March 8, 2013 at 1:44 PM ET
It’s March, just a couple of weeks from the start of spring, and in the wine world that means a seasonal ritual has begun – the release of the first of the new rosés. And one of them is so delicious that I wanted to tell you about it even before the “official” start of rosé season. Actually, Brad Pitt and Angelina Jolie beat me by a few days with the initial release of their first rosé from Provence in France, which I plan to review when it arrives here.
Conventional wisdom holds that rosés are warm-weather wines, to be drunk on the patio on their own or with simple meals. And that they certainly are. But as I have noted before, there is no reason why rosés shouldn’t be enjoyed throughout the year. The reason is that they are so versatile, offering both the essence of red fruit and the cool refreshing qualities of many white wines. (They are made from red grapes, with the juice receiving only minimal contact with the color-producing skins during fermentation.)
Apaltagua’s 2012 Rosé from Chile’s Central Valley is another $12 bargain from the winery that produced the superb pinot noir I wrote about a couple of weeks ago. The rosé is made from carmènere, a variety originally from France that is similar to merlot and has long been Chile’s signature red.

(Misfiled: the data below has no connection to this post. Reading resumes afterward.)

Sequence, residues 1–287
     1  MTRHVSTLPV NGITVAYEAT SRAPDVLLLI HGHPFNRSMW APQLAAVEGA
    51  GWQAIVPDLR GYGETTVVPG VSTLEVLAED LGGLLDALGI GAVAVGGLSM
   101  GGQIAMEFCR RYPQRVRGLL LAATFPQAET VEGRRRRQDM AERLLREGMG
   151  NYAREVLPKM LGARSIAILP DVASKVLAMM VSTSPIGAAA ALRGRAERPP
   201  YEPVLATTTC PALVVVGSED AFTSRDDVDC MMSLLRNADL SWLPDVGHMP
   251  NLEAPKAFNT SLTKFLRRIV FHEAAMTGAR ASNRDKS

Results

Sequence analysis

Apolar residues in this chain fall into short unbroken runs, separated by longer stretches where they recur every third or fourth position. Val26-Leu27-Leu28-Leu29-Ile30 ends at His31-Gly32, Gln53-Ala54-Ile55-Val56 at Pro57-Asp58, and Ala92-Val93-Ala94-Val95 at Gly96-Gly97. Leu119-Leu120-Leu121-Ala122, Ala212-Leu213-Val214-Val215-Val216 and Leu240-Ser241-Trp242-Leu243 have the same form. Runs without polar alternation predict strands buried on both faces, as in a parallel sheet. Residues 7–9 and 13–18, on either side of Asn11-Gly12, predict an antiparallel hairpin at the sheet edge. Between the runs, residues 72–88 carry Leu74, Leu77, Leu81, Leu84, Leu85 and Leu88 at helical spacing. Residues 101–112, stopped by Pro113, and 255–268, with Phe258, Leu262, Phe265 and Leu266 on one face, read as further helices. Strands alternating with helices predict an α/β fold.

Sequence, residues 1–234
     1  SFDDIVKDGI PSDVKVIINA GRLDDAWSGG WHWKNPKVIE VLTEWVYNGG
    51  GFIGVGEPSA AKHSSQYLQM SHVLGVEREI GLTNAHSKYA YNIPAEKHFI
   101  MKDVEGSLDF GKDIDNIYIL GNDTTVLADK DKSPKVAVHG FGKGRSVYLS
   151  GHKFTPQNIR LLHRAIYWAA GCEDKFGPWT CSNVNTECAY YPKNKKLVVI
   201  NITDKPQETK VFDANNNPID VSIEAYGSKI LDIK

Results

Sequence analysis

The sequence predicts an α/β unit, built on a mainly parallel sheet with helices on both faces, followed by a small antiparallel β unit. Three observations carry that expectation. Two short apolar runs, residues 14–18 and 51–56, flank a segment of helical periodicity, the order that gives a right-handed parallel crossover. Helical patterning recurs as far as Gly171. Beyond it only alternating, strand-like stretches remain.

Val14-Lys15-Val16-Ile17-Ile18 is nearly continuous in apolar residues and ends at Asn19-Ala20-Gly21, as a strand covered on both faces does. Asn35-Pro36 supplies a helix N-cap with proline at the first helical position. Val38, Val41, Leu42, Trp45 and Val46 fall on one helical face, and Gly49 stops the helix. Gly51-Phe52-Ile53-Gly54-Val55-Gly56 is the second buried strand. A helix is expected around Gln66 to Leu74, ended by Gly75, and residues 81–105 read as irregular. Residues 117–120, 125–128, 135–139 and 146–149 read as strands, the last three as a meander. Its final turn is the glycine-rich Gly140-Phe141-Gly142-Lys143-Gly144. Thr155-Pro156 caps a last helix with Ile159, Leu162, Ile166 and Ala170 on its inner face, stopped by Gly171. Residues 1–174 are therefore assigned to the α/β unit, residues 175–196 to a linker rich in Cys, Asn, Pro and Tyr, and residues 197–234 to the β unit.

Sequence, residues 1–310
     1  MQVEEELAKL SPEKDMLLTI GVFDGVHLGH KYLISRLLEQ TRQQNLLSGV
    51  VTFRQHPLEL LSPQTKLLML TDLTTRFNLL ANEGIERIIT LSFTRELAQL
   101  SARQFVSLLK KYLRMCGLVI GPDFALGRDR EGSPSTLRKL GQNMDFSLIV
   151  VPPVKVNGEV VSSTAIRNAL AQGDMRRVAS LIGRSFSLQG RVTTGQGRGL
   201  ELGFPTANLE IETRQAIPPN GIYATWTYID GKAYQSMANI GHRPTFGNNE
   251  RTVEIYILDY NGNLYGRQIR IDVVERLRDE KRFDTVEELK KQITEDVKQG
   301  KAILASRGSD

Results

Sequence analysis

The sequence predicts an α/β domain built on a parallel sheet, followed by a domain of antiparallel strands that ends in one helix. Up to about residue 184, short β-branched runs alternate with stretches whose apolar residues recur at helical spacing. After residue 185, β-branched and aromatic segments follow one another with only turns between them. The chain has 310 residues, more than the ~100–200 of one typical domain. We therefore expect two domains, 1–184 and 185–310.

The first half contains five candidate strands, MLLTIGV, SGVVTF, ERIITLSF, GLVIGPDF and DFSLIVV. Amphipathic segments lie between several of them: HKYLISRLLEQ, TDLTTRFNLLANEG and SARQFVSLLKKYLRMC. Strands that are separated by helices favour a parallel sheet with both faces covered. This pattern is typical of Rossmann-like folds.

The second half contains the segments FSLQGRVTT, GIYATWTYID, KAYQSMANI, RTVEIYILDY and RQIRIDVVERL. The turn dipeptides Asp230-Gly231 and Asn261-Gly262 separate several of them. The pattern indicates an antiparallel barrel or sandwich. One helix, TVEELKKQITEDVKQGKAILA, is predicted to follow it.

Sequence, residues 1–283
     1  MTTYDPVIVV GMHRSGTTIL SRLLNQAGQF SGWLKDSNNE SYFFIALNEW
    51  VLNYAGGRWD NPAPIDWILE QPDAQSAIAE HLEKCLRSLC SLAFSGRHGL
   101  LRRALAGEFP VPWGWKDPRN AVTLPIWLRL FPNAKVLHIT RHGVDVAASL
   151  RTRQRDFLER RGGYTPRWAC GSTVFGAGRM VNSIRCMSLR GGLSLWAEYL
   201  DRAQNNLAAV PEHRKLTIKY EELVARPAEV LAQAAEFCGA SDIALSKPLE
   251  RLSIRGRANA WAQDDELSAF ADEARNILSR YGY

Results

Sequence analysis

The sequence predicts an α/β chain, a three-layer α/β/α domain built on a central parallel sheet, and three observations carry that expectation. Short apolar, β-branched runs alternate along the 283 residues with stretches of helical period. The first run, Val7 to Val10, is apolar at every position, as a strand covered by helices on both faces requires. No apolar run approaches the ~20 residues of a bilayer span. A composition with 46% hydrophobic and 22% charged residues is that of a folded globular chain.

Apaltagua’s rosé, with its pale salmon color, is a delightfully refreshing wine with tingling acidity. A glass before dinner was the perfect way to begin the evening. Like the pinot noir, this wine over-delivers, offering unusual complexity for the price. Citrus and strawberry are the dominant tastes with a good deal of orange and some lemon and lime as well. An herbal note accents the fruit and a little vanilla provides roundness. There are some minerals on the long finish.
Try this wine with grilled or sautéed herbed chicken or pork dishes and grilled or broiled fish. Or just enjoy it by itself for a taste of spring in this last gasp of winter. Imported by Global Vineyard Importers, Berkeley, California.
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